At the Bentley intersection, I decided to check out Medicine Lodge Ski Hill. The hill has snow, but looked skied off and the day is gloomy. I texted jean, but they did not want to come down, so I continued on homeward.
At Red Deer, I decided to take the 791 and visit Mike Darazs, my friend who owns Global Patties. He and Liz have moved out to the country, not far from Custom Woolen Mills. I stopped in and found him home. We had a good visit and coffee.
From there, I went to The Mill, less than four miles away, and found Fen, Maddy and Betty sitting around. I had a coffee with them, too, and continued home.
When I got home, the wind was strong enough to kite, but I had enough skiing in the past two days and decided to get inside and catch up on my chores. I have quite a bit on my plate right now.
I spent the evening updating some client webs, watching video, and working on my ham radio station. The new programming cable I bought does not seem to work.
My way of joking is
to tell the truth. It is the funniest joke in the world.
Tuesday February 17th 2015
Good Morning. Outside, snow is drifting down and the temperature is minus eight point five.
I have resolved to clear my desk today. Faint hope.
Faint hope, indeed. A phone call and an email piled on more tasks.
Well, I am just about where I started this morning. I managed to get the work that came in today off my desk.
In the afternoon, there was enough wind to kite and the temperature was not bad but I wanted to get the jobs done and it was dull out, so I did not.
Great people talk
about ideas, average people talk about things,
Wednesday February 18th 2015
I slept well, but woke up with strange dreams. Medhat was visiting and it happened that, at the same moment, CFIA was also inspecting my honeyhouse without notice and without my being there. (I have not had a honeyhouse for years).
On awakening, I also realized that I am not seeing or hearing trains. A while back, it seemed that there was a train going by every hour, but I can't recall noticing any in the past several days. I am sure there have been some, but not many.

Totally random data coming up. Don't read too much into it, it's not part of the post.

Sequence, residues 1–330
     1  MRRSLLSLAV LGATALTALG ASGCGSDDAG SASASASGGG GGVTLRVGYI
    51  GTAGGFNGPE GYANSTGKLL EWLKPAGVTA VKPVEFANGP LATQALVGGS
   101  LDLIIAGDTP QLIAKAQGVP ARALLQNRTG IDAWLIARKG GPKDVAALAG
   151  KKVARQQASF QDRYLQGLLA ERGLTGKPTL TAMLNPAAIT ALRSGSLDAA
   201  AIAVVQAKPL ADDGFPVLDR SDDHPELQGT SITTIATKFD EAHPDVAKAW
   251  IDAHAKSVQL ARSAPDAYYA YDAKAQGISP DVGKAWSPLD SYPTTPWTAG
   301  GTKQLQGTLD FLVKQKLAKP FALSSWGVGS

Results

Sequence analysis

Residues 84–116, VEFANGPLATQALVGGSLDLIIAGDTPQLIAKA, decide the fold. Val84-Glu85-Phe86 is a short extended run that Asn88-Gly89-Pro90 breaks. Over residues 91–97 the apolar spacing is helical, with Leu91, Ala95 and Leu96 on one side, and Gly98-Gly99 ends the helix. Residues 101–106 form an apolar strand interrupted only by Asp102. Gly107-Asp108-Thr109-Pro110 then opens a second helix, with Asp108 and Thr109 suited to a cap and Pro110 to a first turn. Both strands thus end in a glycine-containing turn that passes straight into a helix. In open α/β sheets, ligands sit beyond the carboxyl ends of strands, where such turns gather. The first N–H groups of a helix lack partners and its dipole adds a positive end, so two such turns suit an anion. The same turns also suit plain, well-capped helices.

The number of trains passing is an indication of economic activity. When things are good, there are lots. When things cool down, there are fewer. Trains passing here are not oil trains for the most part, but mostly containers of goods.
I know the Alberta economy is cooling, and assume that oil shipments continue, but wonder at the drop in traffic. I do know that Canadian Pacific (CP) had a short strike, but this line is Canadian national (CN). I also know that the Port of Los Angeles is backed up badly due to labour issues, and that there have been bad storms in the East, but I would not expect either of these things to have a drastic effect here. This is February, though, and maybe the Rogers Pass is blocked by avalanches and avalanche control, slowing traffic from the West Coast.
I am contemplating a drive to Edmonton (OK. I have pretty well made up my mind) to attend an Alberta Offshore Sailing Association (AOSA) meeting. It's a three-hour drive each way and not practical really, but the topic is the Baja Ha ha and there is talk at Cooper Boating of doing that next year. I also want to promote the Bluewater Cruising Association upcoming April event and this is a good excuse to go. If I go, I have to leave here at 1500 if I want to have supper there.
After the meeting, I have to decide whether to drive to Jean's (1-1/2 hrs) go home (3 hrs), or stay over in Edmonton (1/2 hr). I suppose my decision will depend on how tired I am -- assuming I go. I'll have to check the weather in advance.